Ben Nadel
On User Experience (UX) Design, JavaScript, ColdFusion, Node.js, Life, and Love.
I am the chief technical officer at InVision App, Inc - a prototyping and collaboration platform for designers, built by designers. I also rock out in JavaScript and ColdFusion 24x7.
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Ben Nadel at cf.Objective() 2010 (Minneapolis, MN) with:

Using Double Not-Operator (!!) For Boolean Type Casting

By Ben Nadel on

One of the best things about reading a book like the jQuery Cookbook, which was written by a collection of jQuery community experts, is that you get see all the cool little tricks that these developers use in their programming. One neat thing that I picked up from James Padolsey was the use of the double not-operator (!!) to convert truthy / falsey values into strict Boolean data types.

The not-operator (!) takes true values and makes them false or false values and makes them true. When you apply this operator to a piece of data, Javascript must type-cast that piece of data to a Boolean value before it can "not" it. By using the double not-operator, you allow the first one to make the data-type cast and not-conversion; and then, you use the second not-operator to flip the resultant Boolean back to the appropriate value.

To see this in action, take a look at the following demo. I am creating an array of truthy / falsey values and then outputting the values as true Boolean data types:

  • <!DOCTYPE HTML>
  • <html>
  • <head>
  • <title>Double Not-Operator For Boolean Casting</title>
  • <script type="text/javascript">
  •  
  • // Build an array of truthy / falsey values that we will
  • // output to the document in True / False format.
  • var booly = [
  • 1,
  • 0,
  • "foo",
  • "",
  • document,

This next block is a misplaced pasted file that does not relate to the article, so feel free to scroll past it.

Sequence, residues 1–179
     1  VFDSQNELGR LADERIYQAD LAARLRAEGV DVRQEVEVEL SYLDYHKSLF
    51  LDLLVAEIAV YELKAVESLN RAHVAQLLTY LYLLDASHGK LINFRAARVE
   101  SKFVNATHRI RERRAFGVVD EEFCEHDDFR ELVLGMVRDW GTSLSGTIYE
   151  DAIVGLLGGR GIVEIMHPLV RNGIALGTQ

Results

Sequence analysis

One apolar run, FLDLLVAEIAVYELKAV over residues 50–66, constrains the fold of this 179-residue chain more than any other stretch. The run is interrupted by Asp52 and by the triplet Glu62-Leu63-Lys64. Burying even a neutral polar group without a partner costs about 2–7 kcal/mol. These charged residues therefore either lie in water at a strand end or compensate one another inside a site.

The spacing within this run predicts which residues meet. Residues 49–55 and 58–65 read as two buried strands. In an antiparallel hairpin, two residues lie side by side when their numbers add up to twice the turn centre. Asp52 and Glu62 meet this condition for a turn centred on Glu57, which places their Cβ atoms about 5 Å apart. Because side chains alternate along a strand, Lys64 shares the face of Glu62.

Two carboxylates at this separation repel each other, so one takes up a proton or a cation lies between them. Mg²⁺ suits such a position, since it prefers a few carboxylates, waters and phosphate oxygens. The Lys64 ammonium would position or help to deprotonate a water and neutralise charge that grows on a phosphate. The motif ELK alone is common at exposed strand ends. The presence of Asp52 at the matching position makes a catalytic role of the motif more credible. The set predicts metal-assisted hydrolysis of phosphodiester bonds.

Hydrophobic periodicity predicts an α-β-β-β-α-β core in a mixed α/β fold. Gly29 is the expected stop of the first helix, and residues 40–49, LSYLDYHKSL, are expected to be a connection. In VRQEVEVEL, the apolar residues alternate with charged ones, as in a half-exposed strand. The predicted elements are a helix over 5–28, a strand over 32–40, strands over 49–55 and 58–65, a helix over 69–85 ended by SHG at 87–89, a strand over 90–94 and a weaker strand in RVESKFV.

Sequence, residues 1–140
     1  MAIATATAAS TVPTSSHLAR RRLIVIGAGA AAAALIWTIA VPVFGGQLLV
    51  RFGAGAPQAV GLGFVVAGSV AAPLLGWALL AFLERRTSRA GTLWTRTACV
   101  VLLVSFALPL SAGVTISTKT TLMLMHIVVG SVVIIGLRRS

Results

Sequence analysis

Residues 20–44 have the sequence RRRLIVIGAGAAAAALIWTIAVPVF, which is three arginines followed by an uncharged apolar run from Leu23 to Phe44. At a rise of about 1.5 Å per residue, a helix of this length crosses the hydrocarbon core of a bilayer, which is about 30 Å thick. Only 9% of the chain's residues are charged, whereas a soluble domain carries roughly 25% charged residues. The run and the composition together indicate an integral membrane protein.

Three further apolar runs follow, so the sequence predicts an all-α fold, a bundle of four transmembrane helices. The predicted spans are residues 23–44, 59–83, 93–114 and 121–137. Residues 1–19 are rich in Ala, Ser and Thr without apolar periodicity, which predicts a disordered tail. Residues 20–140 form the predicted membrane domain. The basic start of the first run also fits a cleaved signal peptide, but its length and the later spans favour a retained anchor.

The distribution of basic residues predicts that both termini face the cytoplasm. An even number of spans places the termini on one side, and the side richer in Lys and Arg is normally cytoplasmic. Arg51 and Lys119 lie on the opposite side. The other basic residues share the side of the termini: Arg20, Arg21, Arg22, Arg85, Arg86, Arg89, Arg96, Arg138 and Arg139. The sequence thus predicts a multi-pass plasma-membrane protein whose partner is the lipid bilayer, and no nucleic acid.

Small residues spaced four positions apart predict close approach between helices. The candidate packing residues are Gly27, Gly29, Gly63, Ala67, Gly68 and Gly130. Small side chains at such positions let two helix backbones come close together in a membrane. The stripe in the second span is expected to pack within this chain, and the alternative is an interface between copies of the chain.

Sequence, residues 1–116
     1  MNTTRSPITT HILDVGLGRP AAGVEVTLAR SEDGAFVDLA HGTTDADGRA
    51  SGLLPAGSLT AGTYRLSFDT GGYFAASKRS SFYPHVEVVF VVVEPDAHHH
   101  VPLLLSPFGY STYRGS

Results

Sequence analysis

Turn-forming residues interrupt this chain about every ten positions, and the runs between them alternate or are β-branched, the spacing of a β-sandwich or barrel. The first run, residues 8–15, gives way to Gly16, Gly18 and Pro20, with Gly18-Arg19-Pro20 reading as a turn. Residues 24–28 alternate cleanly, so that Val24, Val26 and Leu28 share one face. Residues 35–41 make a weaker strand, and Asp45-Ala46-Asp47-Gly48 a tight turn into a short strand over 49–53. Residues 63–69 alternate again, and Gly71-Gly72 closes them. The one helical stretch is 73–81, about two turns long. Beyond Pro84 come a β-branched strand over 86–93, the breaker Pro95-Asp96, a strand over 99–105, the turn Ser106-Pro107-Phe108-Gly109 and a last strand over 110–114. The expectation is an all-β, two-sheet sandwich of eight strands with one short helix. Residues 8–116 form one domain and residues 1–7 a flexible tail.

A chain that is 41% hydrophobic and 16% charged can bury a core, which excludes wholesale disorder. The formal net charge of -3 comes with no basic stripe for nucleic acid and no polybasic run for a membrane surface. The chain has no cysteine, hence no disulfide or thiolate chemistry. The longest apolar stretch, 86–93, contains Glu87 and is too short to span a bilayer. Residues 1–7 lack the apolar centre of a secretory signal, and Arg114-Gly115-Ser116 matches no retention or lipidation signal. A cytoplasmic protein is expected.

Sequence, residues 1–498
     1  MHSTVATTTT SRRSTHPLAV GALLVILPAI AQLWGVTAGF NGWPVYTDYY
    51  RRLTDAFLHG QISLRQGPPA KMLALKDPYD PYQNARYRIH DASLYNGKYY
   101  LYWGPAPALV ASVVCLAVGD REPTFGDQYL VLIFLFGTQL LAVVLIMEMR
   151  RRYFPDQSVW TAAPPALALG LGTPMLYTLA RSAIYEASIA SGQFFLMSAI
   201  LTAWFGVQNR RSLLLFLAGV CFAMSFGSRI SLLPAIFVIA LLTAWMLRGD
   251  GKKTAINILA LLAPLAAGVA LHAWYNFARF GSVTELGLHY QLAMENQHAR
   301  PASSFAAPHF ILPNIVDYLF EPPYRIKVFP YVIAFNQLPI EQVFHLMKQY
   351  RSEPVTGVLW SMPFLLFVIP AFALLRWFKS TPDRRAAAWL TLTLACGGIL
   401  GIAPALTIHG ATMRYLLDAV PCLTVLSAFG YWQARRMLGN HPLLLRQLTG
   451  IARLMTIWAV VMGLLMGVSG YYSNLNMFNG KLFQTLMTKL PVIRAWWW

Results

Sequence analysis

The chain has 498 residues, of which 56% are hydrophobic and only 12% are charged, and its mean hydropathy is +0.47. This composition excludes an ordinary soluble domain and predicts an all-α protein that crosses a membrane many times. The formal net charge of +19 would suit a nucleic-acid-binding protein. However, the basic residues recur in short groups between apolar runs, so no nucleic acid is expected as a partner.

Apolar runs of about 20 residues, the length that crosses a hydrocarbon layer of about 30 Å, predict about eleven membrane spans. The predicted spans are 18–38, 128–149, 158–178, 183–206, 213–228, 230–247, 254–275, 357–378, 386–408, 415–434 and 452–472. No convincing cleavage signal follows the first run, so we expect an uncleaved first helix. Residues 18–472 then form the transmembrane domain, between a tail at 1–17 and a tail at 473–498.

• null,
  • window.iAmNotDefinedAnywhere
  • ];
  •  
  •  
  • // Now, loop over the truthy / falsy array and output the
  • // elements as true Boolean values.
  • for ( var i = 0, n = booly.length ; i < n ; i++ ){
  •  
  • // Use the !! (double-not) operator to convert the
  • // truthy/falsey value to true Boolean data type.
  • document.write( !!booly[ i ] );
  •  
  • // Check to see if the value is not null (null doesn't)
  • // like being converted to string.
  • if (booly[ i ] != null){
  •  
  • document.write( " : " + booly[ i ] );
  •  
  • }
  •  
  • // Line break.
  • document.write( "<br />" );
  • }
  •  
  • </script>
  • </head>
  • <body>
  • <!-- Nothing here. -->
  • </body>
  • </html>

The single line of importance in the above code is this one:

  • document.write( !!booly[ i ] );

Here, I am getting the value within the array and then applying the not-operator to it twice. As I mentioned above, the first casts the data type to a true Boolean and then flips it; the second not-operator then re-flips it back to the appropriate Boolean value. When we run the above code, we get the following output:

true : 1
false : 0
true : foo
false :
true : [object HTMLDocument]
false
false

Pretty slick. So, why would you want to do this? Well, in jQuery, there are methods that work off of Boolean values (such as jQuery.grep() and jQuery.fn.filter()) and it's nice to have a concise way to perform such conversions. That said, James Padolsey points out in his jQuery Cookbook chapter (page 47):

In fact, the !! is not necessary because jQuery evaluates the return value into a Boolean itself, but keeping it there is still a good idea; anyone looking at your code can be absolutely sure of what you intended (it aids readability).

It might not be necessary, but I like anything that increases readability or creates a more explicit intent.

NOTE: While this demo is in Javascript, this technique should hold true for any programming language that has the concept of truthy and falsey values.




Reader Comments

Thanks for this. I love those little tricks that make code look pro. Though, for people that don't know them, it might be a pain to work with.

It's hard to get to get to know these tricks. I thought using the single ! to flip a value was pretty neat not so long ago. Please post more of this if you run into it. Like the short notation for IF with the ? and :.

Reply to this Comment